A: The claimant is first required to file its claim on the DIFC Courts website. After the defendant acknowledges service, the SCT Registry will schedule a consultation with both parties, with the aim of reaching an amicable settlement. If the parties do not settle the dispute, the case will progress to a hearing before an SCT judge, who will then rule on the matter. Throughout the proceedings, parties are given time to make submissions and provide evidence in favor of their respective positions.
A: SCT judgments are not final and binding by default; there is an appeal process which may grant a party the right to appeal the judgment. If the SCT judgment is not successfully appealed, it becomes final and binding.
A: Regardless of their location, any party can opt-in to the DIFC Courts’ jurisdiction by including the following language in the relevant commercial contract: “Any dispute, difference, controversy or claim arising out of or in connection with this contract, including (but not limited to) any question regarding its existence, validity, interpretation, performance, discharge and applicable remedies, shall be subject to the exclusive jurisdiction of the Courts of the Dubai International Financial Centre (“the DIFC Courts”).” If a party specifically wishes for the SCT to hear the claim, it is best to also mention this in the contract.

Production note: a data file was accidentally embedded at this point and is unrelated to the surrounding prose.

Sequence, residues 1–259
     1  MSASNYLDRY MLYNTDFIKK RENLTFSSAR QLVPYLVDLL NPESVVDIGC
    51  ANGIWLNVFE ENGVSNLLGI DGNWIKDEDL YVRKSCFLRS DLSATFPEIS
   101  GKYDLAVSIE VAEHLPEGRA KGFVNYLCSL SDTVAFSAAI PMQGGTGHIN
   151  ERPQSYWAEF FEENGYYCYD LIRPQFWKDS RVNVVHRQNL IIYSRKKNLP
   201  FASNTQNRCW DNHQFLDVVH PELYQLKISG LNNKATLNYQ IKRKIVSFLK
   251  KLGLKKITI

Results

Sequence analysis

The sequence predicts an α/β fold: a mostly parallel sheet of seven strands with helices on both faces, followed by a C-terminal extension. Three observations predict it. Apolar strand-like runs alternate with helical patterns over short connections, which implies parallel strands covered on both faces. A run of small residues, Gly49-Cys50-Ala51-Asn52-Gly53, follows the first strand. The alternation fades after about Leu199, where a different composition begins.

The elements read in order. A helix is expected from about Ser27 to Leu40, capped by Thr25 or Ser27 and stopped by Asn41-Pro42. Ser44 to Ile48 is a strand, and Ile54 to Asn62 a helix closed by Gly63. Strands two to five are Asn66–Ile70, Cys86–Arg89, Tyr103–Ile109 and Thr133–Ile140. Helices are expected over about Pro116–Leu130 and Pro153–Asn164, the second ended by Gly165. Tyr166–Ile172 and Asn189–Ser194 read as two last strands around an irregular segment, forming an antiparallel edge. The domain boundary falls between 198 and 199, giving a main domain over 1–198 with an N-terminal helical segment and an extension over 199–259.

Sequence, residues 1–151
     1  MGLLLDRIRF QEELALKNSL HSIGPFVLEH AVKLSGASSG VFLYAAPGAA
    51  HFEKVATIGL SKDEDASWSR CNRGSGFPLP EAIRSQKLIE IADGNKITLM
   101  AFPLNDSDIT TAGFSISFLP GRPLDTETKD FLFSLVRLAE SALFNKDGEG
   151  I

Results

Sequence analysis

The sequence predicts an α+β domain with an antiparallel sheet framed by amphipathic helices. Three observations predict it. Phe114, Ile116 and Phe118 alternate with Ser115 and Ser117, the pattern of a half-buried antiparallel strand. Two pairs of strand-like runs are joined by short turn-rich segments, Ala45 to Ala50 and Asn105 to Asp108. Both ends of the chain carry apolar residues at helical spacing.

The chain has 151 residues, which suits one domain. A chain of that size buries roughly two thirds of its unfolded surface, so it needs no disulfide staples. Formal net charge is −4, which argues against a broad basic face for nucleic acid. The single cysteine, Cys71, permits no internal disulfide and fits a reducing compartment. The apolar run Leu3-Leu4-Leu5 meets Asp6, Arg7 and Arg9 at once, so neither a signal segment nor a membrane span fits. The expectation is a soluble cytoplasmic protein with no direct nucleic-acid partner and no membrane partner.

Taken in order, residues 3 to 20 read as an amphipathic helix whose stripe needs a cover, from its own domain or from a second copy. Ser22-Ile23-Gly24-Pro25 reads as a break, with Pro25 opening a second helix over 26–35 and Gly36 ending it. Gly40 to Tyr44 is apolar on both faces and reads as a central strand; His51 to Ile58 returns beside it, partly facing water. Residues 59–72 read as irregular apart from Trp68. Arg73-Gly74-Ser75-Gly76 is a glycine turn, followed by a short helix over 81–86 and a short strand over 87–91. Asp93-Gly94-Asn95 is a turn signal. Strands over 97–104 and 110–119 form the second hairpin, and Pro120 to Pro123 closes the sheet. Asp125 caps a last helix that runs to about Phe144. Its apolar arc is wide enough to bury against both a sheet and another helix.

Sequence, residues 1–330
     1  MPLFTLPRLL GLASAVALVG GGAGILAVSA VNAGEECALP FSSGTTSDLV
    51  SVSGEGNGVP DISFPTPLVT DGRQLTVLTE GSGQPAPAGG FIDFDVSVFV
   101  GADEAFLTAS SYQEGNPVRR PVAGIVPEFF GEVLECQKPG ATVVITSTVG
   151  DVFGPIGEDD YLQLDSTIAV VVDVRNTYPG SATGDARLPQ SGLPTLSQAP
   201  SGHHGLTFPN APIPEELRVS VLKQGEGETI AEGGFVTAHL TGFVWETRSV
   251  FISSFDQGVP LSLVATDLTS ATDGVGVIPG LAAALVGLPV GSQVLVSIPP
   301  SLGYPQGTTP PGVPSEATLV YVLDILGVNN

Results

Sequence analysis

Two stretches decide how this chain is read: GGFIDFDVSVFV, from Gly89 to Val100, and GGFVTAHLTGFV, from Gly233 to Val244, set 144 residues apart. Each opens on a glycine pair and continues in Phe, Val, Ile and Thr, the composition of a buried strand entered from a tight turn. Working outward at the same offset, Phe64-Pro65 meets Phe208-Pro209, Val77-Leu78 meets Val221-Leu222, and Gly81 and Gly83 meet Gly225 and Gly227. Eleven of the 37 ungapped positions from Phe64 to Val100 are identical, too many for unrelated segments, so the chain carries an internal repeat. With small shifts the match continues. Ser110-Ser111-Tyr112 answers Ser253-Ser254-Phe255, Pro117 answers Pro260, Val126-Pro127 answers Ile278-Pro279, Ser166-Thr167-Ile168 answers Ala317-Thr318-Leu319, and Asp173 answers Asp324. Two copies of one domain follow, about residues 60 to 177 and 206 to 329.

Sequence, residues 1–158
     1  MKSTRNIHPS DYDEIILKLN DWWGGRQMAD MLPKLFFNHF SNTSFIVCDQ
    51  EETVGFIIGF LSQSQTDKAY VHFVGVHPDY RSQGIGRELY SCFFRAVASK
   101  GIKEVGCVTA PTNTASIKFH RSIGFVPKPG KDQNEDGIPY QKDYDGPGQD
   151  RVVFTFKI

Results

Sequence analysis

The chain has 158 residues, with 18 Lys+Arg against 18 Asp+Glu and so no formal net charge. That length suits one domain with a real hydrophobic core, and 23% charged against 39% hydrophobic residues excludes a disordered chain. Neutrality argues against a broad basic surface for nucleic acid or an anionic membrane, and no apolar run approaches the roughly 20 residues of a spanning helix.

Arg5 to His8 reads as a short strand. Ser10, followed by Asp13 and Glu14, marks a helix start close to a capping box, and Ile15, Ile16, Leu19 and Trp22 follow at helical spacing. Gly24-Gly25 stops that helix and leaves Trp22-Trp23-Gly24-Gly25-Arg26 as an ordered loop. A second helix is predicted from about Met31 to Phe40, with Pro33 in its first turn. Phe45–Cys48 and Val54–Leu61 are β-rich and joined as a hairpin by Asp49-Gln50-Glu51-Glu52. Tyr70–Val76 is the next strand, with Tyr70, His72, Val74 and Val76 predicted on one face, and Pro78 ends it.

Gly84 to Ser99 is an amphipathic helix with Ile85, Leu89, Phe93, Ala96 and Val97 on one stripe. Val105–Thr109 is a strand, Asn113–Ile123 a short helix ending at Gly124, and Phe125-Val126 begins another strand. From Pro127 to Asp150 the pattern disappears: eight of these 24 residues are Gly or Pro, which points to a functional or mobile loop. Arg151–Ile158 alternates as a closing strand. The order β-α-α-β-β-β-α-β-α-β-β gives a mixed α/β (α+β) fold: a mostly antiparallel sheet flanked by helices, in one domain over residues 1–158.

A: The SCT is part of the DIFC Courts, which is its own common law jurisdiction. The language of the SCT proceedings, as well as the corresponding documentation, is English. SCT hearings are meant to be conducted by the parties themselves, hence their informality.
A: No; SCT proceedings are, for the time being, conducted entirely online.
A: The SCT typically awards the claimant’s filing fees, if the claim is successful. Generally, other expenses are not recoverable.
A: For employment claims, the filing fee is 2% of the claim value. For all other claims, the filing fee is 5% of the claim value. The minimum filing fee is USD 100.00.
A: SCT proceedings are held in private. SCT judgments are publicly available, though the names of the parties are changed to maintain their privacy.
A: SCT cases typically last around two months, from the date of filing up until the judgement is issued.
A: No, in fact, parties within the SCT are supposed to represent themselves. There are exceptions however, as the SCT may allow parties to be represented by legal counsel.